08 Apr

Arctic Rising a finalist for the Prometheus Award

I’m happy to announce that my book Arctic Rising is a finalist for the 2013 Prometheus Award, held by the Libertarian Futurist Society.

I was nominated in 2007 for Ragamuffin, so it is once again an honor to see something I’ve written be flagged.

There’s tough competition this year:

* The Unincorporated Future, by Dani and Eytan Kollin (TOR Books)
* Pirate Cinema by Cory Doctorow (TOR Books)
* Darkship Renegades, by Sarah Hoyt (Baen Books)
* Kill Decision, by Daniel Suarez (Dutton – Penguin)

Both Sarah and Cory have won previously (and Dani and Eytan Kolling as well). As I said, *tough* competition 🙂

Nonetheless, despite the heavy competition, I will try to make my way down to Worldcon to see the results. It’s not often I get the honor of being nominated for an award, and it’ll be exciting to see who wins live!

04 Apr

Interagency calls for integrated Arctic approach due to rapidly changing environment

Via Fred Kiesche. I imagine we’re going to see more of this sort of thing…

“Interagency Working Group Calls for Integrated Management and Planning for a Rapidly Changing Arctic

Launches new Arctic Science Portal; Underscores need for streamlined, ‘whole of government’ approach with stakeholder, Alaska Native engagement”

(Via Interagency Working Group Calls for Integrated Management and Planning for a Rapidly Changing Arctic.)

18 Mar

Another little piece of Arctic Rising’s world coming true

Uh huh:

“Since 2006, each of the Arctic nations has adopted its own security policy to safeguard its sovereign rights. What they must do now is compare their separate security policies, identify the ways in which those policies reinforce or conflict with one another, and then balance national interests with common interests.

How, for instance, will each nation position its military and police its territory? How will the Arctic states deal with China and other nations that have no formal jurisdictional claims but have strong interests in exploiting Arctic resources? How will Arctic and non-Arctic states work together to manage those resources beyond national jurisdictions, on the high seas and in the deep sea? Without ratifying the Convention on the Law of the Sea, a 1982 treaty governing use of the world’s oceans, how can the United States cooperate with other nations to resolve territorial disputes in the ocean?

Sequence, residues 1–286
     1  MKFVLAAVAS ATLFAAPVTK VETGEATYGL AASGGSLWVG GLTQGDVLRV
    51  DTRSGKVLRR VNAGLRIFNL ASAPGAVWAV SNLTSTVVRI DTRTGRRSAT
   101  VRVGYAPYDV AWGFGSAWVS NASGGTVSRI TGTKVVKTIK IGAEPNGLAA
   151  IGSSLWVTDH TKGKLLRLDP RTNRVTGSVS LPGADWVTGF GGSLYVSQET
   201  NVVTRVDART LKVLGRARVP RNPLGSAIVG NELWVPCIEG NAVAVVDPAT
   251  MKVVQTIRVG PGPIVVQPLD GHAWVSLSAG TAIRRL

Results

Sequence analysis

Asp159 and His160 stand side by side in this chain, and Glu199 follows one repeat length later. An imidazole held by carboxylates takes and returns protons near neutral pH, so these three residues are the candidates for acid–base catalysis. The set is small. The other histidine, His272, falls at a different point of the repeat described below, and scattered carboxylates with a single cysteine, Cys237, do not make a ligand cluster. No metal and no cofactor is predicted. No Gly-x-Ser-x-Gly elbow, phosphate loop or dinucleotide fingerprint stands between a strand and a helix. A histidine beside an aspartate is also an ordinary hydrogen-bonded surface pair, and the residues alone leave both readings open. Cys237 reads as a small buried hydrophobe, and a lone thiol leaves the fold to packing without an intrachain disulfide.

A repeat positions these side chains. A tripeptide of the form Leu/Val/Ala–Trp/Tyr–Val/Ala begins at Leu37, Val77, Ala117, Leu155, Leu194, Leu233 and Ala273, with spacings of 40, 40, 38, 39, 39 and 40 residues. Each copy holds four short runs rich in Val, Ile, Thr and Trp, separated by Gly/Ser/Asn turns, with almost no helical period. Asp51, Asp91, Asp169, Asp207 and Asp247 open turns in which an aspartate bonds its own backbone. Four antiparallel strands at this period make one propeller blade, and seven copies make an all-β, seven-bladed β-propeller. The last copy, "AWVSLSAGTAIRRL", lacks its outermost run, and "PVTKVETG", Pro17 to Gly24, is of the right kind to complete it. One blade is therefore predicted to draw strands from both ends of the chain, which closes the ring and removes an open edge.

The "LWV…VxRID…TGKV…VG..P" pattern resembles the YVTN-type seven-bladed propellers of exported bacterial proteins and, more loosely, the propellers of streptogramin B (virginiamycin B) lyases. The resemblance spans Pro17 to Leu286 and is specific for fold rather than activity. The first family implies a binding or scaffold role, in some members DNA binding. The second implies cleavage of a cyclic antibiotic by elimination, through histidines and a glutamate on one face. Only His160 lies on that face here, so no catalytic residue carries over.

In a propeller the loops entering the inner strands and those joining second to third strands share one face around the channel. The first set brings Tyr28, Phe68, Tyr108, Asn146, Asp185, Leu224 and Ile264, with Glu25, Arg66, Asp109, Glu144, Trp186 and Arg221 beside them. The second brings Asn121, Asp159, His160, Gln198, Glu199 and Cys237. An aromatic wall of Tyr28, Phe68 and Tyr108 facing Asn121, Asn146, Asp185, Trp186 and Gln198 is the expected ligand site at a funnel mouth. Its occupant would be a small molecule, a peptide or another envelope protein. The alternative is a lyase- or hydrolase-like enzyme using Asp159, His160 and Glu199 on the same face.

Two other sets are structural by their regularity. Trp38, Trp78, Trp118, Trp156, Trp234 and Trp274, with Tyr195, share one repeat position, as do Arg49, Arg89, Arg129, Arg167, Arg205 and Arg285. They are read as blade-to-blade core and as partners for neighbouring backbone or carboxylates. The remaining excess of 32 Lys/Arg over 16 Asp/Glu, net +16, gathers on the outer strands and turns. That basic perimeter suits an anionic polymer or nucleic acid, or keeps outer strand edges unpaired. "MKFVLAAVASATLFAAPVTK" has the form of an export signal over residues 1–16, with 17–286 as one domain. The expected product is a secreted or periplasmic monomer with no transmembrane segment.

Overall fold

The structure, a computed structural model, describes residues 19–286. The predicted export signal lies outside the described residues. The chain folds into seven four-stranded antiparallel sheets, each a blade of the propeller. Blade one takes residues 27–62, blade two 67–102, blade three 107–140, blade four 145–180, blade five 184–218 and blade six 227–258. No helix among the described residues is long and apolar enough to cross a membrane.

NATO’s top military commander, Adm. James G. Stavridis of the United States Navy, warned in 2010 of an ‘icy slope toward a zone of competition, or worse, a zone of conflict’ if the world’s leaders failed to ensure Arctic peace.”

(Via Preventing an Arctic Cold War – NYTimes.com.)

10 Feb

Arctic summit economic conference

The resource-rich Arctic is changing faster than anywhere on Earth, and its biggest transformation is just ahead. Due to climate change, the polar ice cap is shrinking and floating summer ice is projected to disappear altogether, setting alarm bells ringing for environmentalists, but opening up new perspectives for trade and development.

Every time I see something like the above I just wish more people were reading Arctic Rising before it becomes dated…

02 Feb

Announcing the UK rights sales of Arctic Rising and sequel Hurricane Fever to Del Rey UK

I see that my agent’s website has this listed, so I have to assume it’s safe to blog about and announce. But Arctic Rising and the sequel that I’m in the middle of writing right now, Hurricane Fever, will be published in the UK/Commonwealth via Del Rey UK.

Del Rey UK is a new imprint from Ebury (which is a part of Random House). There is a press release about the forming of the new imprint here. I have had a peek at some of their upcoming books, and I’m in awesome company.

I know I have a small and dedicated readership over in the UK who’ve been shipping my books all the way across the pond, but with this I will now be rolling out in a bigger way overseas. I’m very excited about this.

Partially because I’m actually a commonwealth citizen. Yeah, I hold a UK passport, as I was born in a territory of the empire right before it became independent. I also have family in the UK. So finally, getting my books published over there, is exciting.

There is no news, however, on Crystal Rain, Ragamuffin, and Sly Mongoose as of yet. I’m still looking for partners in the UK. Seeing as that there is a little bit more awareness of Caribbean culture in the UK (and a core space opera readership), I would love to see the books get over there.

Arctic Rising should be coming out, then, later this year.

Hurricane Fever is still being written, but it will come out at the same time as the US release, as both publishers are getting the book at the same time.

Which is awesome.

20 Oct

A draft of Arctic Rising is done

I’ve finished a draft of Arctic Rising. This is my 6th novel written, which is pretty cool. I’ve mailed off the file to my editor and agent and will be looking forward to their comments.

The next question I get is ‘when can I read it?’

That’s a trickier question. I have to wait until further on in the production process to know for sure when Tor will be planning to publish it. So for right now, all I can say is that when I know, you’ll find out about it right here.

So what is Arctic Rising about?

Well, since I started writing about near future stuff with stories in Metatropolis and collaborating with Karl Schroeder, I’ve wanted to play at novel length with something set in the Arctic Circle where the Northwest Passage is used routinely for shipping, the resource rush is on, and people are developing the hundreds of islands up there for all sorts of purposes. And like the Wild West, anywhere there’s a resource rush means lots of nation-state and corporate shenanigans and that’s where all the ‘interesting’ people show up.